Local anaesthetics now have many clinical uses and can be applied in a number of ways; they vary in their pharmacological properties, and as such are used in various techniques of anesthesia. Infiltration anesthesia sees the direct injection of local anesthetic into tissues to reach nerve branches and nerve terminals, and is mainly used in minor surgeries. In Intravenous regional anaesthesia, the local anaesthesia is injected distal to a pressure cuff, and remains effective until circulation is restored, this process is used for limb surgery. In nerve block anesthesia local anesthetic is injected close to nerve trunks to produce a loss of sensation peripheral, and is used in surgery and dentistry. In spinal anesthesia, local anaesthesia is injected into the subarachnoid space to act on the spinal roots and spinal cord, this is used for surgery to the abdomen, pelvis, or leg, mainly when general anesthesia cannot be used. In epidural anesthesia, local anesthetic is injected into the epidural space, blocking spinal roots, and is used for a painless child birth.
Local anesthetics are weak bases and are usually formulated as the hydrochloride salt to render them water-soluble. They consist of an aromatic part linked by an ester or amide bond to a basic side chain. Thus they contain hydrophobic region and a basic region, accounting for their weak basic nature. They have pka values mainly in the range 8-9, so that the majority, but not all, are ionised at physiological pH. This is important in the local anesthetic mechanism of action as they need to remain non-ionized when outside the cell to remain effective. Thus the majority of local anesthetics are tertiary amines, as quaternary amines are fully ionized irrespective of pH and as such are ineffective as local anesthetics.
[...] Single anaesthetics are rarely used on their own, it is more common for a mixture of drugs to be used throughout the anaesthetic process to increase control over the anaesthetic, and to remove the unwanted effects. The patient may be given pre-medication drugs before the operation, such as opioids like fentanyl or sedatives such as the benzodiazepine midazolam, to induce drowsiness of relaxation. Commonly, unconsciousness is produced rapidly with an initial dose of intravenous anaesthetic, such as propofol, and unconsciousness and analgesia is often maintained throughout the surgery by supplying one or more inhalation agents, such as nitrous oxide and halothane. [...]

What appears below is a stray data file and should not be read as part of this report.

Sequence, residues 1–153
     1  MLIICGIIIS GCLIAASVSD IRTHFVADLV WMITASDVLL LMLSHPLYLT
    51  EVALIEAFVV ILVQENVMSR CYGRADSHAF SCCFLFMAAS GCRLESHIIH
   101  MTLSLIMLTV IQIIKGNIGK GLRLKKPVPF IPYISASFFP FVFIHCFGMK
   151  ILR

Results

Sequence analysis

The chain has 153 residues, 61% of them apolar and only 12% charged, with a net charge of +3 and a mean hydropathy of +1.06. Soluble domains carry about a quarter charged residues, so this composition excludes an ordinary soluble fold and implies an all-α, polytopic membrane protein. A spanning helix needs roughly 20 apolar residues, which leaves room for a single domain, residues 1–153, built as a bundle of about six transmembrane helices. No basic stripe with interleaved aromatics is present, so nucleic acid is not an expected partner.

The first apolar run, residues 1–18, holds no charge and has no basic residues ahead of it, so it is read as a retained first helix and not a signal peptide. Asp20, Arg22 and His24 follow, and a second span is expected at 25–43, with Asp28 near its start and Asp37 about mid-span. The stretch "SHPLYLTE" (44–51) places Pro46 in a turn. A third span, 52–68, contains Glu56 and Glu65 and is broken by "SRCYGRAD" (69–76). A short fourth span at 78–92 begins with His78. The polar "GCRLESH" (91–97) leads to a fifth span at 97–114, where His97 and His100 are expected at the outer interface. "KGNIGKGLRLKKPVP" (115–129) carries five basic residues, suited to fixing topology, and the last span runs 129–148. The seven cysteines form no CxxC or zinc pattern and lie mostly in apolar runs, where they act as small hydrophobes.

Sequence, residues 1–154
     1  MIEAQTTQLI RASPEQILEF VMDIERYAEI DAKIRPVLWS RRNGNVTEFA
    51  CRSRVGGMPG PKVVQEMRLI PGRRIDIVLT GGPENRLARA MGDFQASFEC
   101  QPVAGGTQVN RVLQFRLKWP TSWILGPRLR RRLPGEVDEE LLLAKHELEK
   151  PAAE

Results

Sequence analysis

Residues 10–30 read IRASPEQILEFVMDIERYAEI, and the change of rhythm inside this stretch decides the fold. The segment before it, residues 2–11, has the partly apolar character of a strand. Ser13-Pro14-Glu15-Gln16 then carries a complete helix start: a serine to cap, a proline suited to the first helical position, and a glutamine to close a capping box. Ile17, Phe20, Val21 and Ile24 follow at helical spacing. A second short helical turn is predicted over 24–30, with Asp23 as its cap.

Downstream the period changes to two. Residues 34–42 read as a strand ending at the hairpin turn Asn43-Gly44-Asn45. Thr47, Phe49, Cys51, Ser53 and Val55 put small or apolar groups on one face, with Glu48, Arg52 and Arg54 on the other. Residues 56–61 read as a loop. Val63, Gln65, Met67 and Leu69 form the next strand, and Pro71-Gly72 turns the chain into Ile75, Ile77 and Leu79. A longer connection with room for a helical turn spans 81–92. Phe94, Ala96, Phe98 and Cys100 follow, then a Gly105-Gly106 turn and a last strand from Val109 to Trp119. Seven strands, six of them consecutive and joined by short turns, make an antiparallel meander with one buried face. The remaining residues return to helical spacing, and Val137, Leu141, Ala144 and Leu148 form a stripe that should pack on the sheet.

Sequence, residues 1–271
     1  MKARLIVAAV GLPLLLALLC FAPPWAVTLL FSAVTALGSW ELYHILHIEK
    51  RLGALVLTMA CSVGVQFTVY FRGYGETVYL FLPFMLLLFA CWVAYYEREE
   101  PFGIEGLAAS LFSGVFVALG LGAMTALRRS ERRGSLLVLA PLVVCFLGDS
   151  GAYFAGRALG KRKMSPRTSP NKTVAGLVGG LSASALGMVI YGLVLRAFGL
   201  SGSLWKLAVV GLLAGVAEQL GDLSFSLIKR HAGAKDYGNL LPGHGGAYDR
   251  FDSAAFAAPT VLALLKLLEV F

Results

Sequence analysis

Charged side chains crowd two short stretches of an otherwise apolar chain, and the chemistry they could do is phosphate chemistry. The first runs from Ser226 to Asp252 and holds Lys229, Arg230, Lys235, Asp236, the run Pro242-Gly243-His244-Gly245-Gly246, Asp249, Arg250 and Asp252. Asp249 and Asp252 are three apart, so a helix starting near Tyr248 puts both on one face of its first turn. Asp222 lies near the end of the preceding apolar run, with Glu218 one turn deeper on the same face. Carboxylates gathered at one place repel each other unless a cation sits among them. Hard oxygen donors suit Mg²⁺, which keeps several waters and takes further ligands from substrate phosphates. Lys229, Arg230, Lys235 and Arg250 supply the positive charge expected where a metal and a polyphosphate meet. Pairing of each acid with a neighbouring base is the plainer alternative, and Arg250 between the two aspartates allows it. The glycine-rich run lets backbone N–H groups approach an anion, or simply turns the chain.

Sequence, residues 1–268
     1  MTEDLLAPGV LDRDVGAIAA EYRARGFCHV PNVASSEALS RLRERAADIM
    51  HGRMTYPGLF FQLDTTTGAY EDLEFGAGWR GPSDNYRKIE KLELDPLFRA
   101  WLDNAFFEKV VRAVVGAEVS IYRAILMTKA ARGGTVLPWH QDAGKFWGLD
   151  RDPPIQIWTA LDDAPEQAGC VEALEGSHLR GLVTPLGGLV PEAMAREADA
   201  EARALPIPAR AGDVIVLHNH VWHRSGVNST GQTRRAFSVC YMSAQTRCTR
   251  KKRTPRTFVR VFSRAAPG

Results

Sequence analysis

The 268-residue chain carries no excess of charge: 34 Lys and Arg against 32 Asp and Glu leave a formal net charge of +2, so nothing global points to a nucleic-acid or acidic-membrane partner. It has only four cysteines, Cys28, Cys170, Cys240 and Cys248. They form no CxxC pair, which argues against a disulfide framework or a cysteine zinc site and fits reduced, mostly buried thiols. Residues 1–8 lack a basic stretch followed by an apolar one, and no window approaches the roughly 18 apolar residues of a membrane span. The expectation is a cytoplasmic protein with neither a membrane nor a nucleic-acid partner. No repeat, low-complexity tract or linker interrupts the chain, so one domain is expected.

[...] Sodium and hydrogen ions are constantly moving into and out of the sodium channel, even when it is closed and they do not pass through to the cytosol, and as such a passing hydrogen ion protonates the local anaesthetic at the binding site, creating the hydrostatic repulsion needed to block the channel. Thus it can be seen that local anaesthetic activity is strongly pH dependant, being increased at alkaline pH when there are less protonated molecules outside the cell and so more can diffuse into the cell, and being decreased at an acid pH when there is a high majority of protonated molecules outside the cell that cannot diffuse in. [...]
[...] There are generally four stages associated with the onset of action of general anaesthetics as their concentration increases in the blood. Stage one is considered the analgesic stage, where the response to painful stimuli is reduced in a drowsy state. Stage two is considered the excitement stage, where the patient loses consciousness, and no longer responds to non-painful stimuli, but will respond to painful stimuli in a reflex fashion. Other reflexes may be exacerbated, such as the cough or gag reflex. [...]
[...] They are normally used for the induction of anaesthesia, though are unsatisfactory for producing maintained anaesthesia as their elimination from the body is relatively slow compared with that of inhalation agents. The most commonly used intravenous agents are thiopental, etomidate, and propofol. Thiopental is a barbiturate with very high lipid solubility. It has a rapid action due to its rapid transfer across the blood brain barrier, though a short duration of action due to its redistribution, mainly to the muscles. [...]
[...] High levels of local anaesthetic may also cause atrioventricular block with sever bradycardia, leading to coma and death. Yet there are reports that intralipid, an intravenous lipid emulsion, can be effective in treating severe cardiotoxicity secondary to local anaesthetic overdose. General anaesthesia is a state of total unconsciousness, in which the patient is unaware of, and unresponsive to, painful stimuli, resulting from the giving of general anaesthetic drugs. A variety of drugs that have different effects, along with the general anaesthesia, are given to the patient to ensure total unconsciousness, amnesia disturbance of memory), and analgesia (the relief of pain). [...]
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